Diversity & Inclusion
On December 2, 2016, the Office of the Comptroller of the Currency (OCC) announced its willingness to entertain applications from financial technology (fintech) companies for special purpose national bank charters. In recent years, the fintech sector has attracted extraordinary interest from investors, institutions and innovators. For example, we have seen significant developments in peer-to-peer and electronic lending platforms, payments systems and digital money. Yet many nonbank providers of financial services have found it difficult or cumbersome to navigate state-by-state regulatory regimes originally designed for traditional, brick-and-mortar financial institutions. In addition, many such fintech companies must rely on third-party banks for access to payment systems or other support fundamental to their business models. A fintech company with a special purpose national bank charter could operate within a more uniform, national regulatory regime with reduced or no reliance on third-party banks.
While the OCC's recent announcement has garnered a lot of attention, a number of important questions have yet to be answered. How the regulators answer those questions, both through policy and in practice, will affect whether and how attractive the special purpose national bank charter will be for fintech companies.
The OCC's announcement followed its recent formation of an Office of Innovation, which will serve as the OCC's central point of contact and clearinghouse for requests and information related to innovation.1 The OCC's recent announcement of a position on fintech charters is the next step in its policy review of the fintech sector. The announcement took the form of a speech delivered by Comptroller Thomas J. Curry at Georgetown University and the release of a related white paper. Neither document is particularly long or technical in nature. They are available here. Below, we highlight seven key takeaways for fintech sector participants.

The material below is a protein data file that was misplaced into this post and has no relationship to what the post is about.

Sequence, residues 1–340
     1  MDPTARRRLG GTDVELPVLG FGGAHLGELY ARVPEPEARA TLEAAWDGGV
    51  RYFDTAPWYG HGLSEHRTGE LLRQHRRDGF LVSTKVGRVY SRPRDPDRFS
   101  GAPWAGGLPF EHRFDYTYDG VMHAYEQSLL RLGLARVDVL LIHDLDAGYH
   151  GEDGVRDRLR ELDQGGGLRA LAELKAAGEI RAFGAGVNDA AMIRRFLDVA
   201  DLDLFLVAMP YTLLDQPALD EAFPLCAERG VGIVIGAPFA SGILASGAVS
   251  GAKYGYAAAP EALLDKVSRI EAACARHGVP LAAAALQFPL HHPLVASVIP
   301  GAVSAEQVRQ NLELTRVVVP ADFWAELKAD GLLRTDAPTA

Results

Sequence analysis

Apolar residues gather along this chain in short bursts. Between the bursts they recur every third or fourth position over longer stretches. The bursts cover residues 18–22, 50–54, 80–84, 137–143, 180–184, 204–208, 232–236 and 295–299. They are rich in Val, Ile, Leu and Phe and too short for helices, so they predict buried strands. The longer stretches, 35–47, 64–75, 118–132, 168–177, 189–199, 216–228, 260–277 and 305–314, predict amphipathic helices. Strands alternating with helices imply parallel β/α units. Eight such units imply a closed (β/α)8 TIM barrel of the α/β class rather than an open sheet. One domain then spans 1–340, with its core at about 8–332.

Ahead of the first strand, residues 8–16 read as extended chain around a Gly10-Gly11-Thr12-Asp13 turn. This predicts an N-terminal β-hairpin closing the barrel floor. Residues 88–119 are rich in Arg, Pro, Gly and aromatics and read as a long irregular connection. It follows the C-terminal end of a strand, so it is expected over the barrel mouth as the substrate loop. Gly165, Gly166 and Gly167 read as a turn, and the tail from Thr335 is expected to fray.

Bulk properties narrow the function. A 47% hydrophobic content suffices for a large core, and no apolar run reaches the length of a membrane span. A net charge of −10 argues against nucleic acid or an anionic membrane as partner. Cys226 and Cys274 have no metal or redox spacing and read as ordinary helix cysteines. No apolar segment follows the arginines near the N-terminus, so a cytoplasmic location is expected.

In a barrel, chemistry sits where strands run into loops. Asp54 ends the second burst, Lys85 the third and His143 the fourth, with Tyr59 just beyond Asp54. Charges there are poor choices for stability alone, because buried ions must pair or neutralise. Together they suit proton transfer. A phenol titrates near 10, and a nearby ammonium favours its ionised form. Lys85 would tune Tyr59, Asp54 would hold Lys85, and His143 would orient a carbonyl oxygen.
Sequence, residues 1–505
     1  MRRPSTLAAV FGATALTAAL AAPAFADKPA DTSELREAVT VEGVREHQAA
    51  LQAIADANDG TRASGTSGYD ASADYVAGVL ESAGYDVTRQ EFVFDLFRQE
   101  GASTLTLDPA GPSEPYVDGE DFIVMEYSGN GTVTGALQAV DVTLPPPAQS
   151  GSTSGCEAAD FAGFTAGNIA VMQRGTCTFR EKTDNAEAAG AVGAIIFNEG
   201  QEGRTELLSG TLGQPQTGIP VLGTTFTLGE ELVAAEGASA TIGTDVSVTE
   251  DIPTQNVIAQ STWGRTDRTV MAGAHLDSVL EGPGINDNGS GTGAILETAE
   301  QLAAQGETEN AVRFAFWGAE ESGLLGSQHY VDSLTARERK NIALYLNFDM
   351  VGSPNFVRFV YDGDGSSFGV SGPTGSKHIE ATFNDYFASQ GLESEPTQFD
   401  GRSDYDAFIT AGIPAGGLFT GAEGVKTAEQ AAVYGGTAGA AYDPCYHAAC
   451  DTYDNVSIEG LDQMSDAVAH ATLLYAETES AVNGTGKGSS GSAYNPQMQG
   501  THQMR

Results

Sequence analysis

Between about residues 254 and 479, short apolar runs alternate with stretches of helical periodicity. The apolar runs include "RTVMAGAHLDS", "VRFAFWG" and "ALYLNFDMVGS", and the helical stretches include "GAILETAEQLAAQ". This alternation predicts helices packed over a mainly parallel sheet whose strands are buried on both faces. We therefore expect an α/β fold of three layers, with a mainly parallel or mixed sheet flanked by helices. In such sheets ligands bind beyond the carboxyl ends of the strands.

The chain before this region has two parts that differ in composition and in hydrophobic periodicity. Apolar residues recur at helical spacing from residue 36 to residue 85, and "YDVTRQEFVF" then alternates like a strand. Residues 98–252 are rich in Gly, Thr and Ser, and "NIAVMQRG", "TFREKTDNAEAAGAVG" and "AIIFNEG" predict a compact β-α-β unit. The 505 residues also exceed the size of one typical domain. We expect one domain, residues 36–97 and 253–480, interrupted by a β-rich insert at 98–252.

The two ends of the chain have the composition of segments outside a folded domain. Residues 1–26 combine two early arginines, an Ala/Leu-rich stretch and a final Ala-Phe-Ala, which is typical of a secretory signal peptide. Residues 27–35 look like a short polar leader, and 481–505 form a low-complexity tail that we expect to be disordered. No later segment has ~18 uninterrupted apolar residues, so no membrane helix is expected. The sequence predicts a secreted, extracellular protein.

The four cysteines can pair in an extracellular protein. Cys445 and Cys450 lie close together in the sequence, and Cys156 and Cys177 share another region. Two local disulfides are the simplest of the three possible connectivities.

The OCC and other banking regulators are generally most comfortable and familiar with traditional bank business plans focused on diversified lending and core deposit-taking. Although not categorically precluded, single-purpose or niche business plans have historically faced skepticism with federal banking regulators. The OCC's recent announcement signals a greater willingness to entertain such plans in the context of fintech.
The idea of a special purpose national bank is not new. Such banks are authorized under existing laws and regulations and have been approved by the OCC in the past — although generally only for trust and credit card activities. The OCC has now expressed a willingness to grant special purpose national bank charters for fintech proposals that involve at least one of the following activities: fiduciary activities, deposit-taking, paying checks or lending. Importantly, the OCC explained that it views issuing debit cards or engaging in other means of facilitating payments electronically as the modern equivalent of paying checks for this purpose. The OCC also indicated that it would review, on a case-by-case basis, the permissibility of new activities that a fintech company may seek to conduct through a special purpose national bank.